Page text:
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Dutch Government contributes €150m to buy Rembrandt, but should they?

Netherlands to buy Rembrandt Standard Bearer self-portrait / Photographer : Nacho Calonge – Getty Images

The Dutch government announced in December that it had set aside €150m to buy an original work of art by Rembrandt, an unprecedented sum for the authorities in the Netherlands. The name of the painting in question is called the Standard Bearer, a 1636 work by the Great Master. After the announcement that the government would back moves to acquire the painting from France, there was a considerable amount of media interest and public outcry at the large sum involved. Nevertheless, a deal was struck which saw the work of art head to the Rijksmuseum in Amsterdam later in the month

As well as the €150m pledged by the government of the Netherlands, funding for the purchase was also made available by an association made up of several thousand private sponsors known as the Rembrandt Vereniging. Together, the association of art lovers managed to come up with €12.5m of funding to go alongside the taxpayers’ money the government had put forward. In total, the full €175m asking price was possible and the sale of the painting was agreed upon by the Rothschild family.

Sale Agreed

Prior to the sale, the painting of a three-quarter-length self-portrait of Rembrandt was in the Paris collection of Elie de Rothschild one of the heirs of the famous banking dynasty. In fact, back in 2018, the Rothschild family had put the oil-on-canvas work up for sale. However, in a somewhat surprising move, the French government declared that the image was of a national cultural significance and, therefore, refused to issue a license so it could be exported. However, this did not prevent the work of art being displayed a year later as a part of the prestigious Rembrandt-Velasquez exhibition at the Rijksmuseum. Then, it was billed as the most important work by Rembrandt to remain in private ownership. Subsequently, the export license block expired and it became possible for the sale to proceed.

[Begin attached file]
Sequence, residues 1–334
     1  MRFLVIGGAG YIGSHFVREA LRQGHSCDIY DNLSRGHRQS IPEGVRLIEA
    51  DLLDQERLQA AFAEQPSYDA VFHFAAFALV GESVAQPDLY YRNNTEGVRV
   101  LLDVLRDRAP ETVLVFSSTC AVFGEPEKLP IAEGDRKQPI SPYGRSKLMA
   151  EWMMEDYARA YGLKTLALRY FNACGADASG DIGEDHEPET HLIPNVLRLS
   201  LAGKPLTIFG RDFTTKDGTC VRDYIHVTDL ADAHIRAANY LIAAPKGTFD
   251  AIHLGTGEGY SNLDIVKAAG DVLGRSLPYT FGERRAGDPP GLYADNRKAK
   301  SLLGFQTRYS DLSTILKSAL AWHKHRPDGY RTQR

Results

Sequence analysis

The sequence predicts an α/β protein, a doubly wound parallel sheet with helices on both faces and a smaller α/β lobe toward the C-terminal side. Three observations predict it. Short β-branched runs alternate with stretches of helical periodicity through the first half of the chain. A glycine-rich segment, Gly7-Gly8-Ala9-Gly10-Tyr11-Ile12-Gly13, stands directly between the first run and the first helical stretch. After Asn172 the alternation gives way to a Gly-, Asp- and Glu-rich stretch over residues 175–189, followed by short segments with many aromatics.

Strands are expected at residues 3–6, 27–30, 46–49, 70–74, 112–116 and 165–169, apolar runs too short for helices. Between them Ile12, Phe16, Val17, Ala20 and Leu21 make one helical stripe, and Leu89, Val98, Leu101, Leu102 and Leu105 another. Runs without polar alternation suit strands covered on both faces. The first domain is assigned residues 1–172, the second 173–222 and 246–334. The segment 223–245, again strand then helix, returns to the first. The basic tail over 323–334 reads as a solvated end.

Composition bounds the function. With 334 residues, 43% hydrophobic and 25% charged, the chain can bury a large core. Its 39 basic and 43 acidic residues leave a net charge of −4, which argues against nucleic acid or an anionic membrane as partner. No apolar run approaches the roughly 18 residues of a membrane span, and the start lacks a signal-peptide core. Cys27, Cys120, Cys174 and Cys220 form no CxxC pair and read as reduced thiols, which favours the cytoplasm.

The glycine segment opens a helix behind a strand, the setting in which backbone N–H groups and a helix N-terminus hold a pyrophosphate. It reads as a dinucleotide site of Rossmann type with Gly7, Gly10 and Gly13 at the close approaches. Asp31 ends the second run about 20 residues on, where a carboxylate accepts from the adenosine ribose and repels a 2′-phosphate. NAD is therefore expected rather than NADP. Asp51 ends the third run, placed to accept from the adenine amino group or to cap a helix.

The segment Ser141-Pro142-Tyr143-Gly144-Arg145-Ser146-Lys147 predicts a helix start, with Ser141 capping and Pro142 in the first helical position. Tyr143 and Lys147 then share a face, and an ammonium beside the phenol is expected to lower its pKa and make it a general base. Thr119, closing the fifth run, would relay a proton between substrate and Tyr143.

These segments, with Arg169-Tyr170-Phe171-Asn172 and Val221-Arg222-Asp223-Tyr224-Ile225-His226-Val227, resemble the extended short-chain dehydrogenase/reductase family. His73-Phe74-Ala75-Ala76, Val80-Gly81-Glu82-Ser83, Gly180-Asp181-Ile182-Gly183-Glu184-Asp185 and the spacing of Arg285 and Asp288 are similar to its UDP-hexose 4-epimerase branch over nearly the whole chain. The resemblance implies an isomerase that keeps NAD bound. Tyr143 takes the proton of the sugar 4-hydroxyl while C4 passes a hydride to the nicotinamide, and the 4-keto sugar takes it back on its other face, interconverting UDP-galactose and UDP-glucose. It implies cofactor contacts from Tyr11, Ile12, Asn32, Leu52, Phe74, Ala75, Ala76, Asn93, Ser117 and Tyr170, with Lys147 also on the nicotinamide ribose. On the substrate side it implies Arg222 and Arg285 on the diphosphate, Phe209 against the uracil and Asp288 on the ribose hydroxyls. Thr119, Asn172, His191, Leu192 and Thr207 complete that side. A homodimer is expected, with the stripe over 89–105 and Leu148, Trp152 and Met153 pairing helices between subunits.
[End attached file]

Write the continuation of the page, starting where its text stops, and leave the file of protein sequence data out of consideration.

Perhaps unsurprisingly, the director of the Rijksmuseum, Taco Dibbits, described the purchase of the Standard Bearer as ‘a triumph’. Since it depicts a scene from the Dutch War of Independence, as well as the great artist’s legendary skill, many like him would agree that the rightful place for the painting to be displayed is in the Netherlands’ permanent national collection. Dibbits said that the image is one that has ‘deep roots in history’ and that Rembrandt himself was one of the nation’s most famous and skilled artists.


Despite the optimism of some involved in the acquisition, others have questioned why so much has been spent securing it for the country. One Dutch art critic writing in the national press, Wieteke van Zeil, was keen to point out that the purchase had gone through with very little debate about its merit among the public. Others have said that the Rijksmuseum already has many high-quality Rembrandts in its collection and that another one does not dramatically alter the nature of the collection there, suggesting that another buyer might have been more appropriate. There again, others have simply pointed out that the painting was only secured when a very large sum was offered for it and that this constitutes poor value for money among Dutch taxpayers.

Van Zeil went on to say that she thought spending nearly all of the available art budget in the country on a single work of art demonstrated that the Rijksmuseum’s management team had not taken the most inclusive course of action when so many other artists would now have to be overlooked. She said that the amount paid for the masterpiece was more than the total budget available to the rest of the publicly funded museum sector in the Netherlands put together. “It is 150 per cent the sum needed than it would take to keep the country’s Covid-stricken museums open,” she wrote. Some appear to agree with her with many comments made about the issue on social media. Nevertheless, it appears that the deal has now been done and the painting is safely in the hands of the Rijksmuseum.

About the author – Manuel Charr

Manuel Charr is a journalist working in the arts and cultural sectors. With a background in marketing, Manuel is drawn to arts organizations which are prepared to try inventive ways to reach new audiences.

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